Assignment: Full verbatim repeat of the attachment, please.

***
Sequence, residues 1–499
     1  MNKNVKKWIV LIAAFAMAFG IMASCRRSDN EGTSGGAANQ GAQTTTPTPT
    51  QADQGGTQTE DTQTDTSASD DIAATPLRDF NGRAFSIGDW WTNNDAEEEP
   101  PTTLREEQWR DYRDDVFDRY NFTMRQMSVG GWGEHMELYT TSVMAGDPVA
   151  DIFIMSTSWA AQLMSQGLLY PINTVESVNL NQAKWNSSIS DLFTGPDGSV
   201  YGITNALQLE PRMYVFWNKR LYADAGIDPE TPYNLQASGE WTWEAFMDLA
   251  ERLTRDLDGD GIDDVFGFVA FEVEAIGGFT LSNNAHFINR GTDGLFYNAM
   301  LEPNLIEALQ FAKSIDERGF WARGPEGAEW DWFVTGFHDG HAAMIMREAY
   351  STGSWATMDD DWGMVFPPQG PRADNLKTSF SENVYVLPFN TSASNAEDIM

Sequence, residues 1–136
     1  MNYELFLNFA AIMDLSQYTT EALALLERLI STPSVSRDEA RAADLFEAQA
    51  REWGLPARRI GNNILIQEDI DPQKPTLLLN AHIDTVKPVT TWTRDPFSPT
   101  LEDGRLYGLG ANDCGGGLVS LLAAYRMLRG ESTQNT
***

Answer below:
Sequence, residues 1–499
     1  MNKNVKKWIV LIAAFAMAFG IMASCRRSDN EGTSGGAANQ GAQTTTPTPT
    51  QADQGGTQTE DTQTDTSASD DIAATPLRDF NGRAFSIGDW WTNNDAEEEP
   101  PTTLREEQWR DYRDDVFDRY NFTMRQMSVG GWGEHMELYT TSVMAGDPVA
   151  DIFIMSTSWA AQLMSQGLLY PINTVESVNL NQAKWNSSIS DLFTGPDGSV
   201  YGITNALQLE PRMYVFWNKR LYADAGIDPE TPYNLQASGE WTWEAFMDLA
   251  ERLTRDLDGD GIDDVFGFVA FEVEAIGGFT LSNNAHFINR GTDGLFYNAM
   301  LEPNLIEALQ FAKSIDERGF WARGPEGAEW DWFVTGFHDG HAAMIMREAY
   351  STGSWATMDD DWGMVFPPQG PRADNLKTSF SENVYVLPFN TSASNAEDIM

Sequence, residues 1–136
     1  MNYELFLNFA AIMDLSQYTT EALALLERLI STPSVSRDEA RAADLFEAQA
    51  REWGLPARRI GNNILIQEDI DPQKPTLLLN AHIDTVKPVT TWTRDPFSPT
   101  LEDGRLYGLG ANDCGGGLVS LLAAYRMLRG ESTQNT